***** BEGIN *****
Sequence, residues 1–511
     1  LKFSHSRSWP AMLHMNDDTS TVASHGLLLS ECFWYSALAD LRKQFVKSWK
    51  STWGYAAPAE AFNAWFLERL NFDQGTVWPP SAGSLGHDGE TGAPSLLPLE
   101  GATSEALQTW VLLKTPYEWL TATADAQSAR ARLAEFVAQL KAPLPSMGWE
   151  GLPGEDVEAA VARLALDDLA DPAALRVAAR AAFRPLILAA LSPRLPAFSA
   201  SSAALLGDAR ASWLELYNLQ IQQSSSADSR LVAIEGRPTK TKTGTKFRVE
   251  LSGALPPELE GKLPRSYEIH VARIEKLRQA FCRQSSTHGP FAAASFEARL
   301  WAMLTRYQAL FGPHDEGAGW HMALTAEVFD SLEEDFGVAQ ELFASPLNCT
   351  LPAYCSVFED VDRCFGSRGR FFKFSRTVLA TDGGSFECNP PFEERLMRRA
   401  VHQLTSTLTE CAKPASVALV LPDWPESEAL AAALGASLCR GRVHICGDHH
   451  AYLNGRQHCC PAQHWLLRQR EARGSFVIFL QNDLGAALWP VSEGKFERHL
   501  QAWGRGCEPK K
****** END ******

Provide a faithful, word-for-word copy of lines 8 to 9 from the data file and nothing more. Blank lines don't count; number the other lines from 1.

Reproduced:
   301  WAMLTRYQAL FGPHDEGAGW HMALTAEVFD SLEEDFGVAQ ELFASPLNCT
   351  LPAYCSVFED VDRCFGSRGR FFKFSRTVLA TDGGSFECNP PFEERLMRRA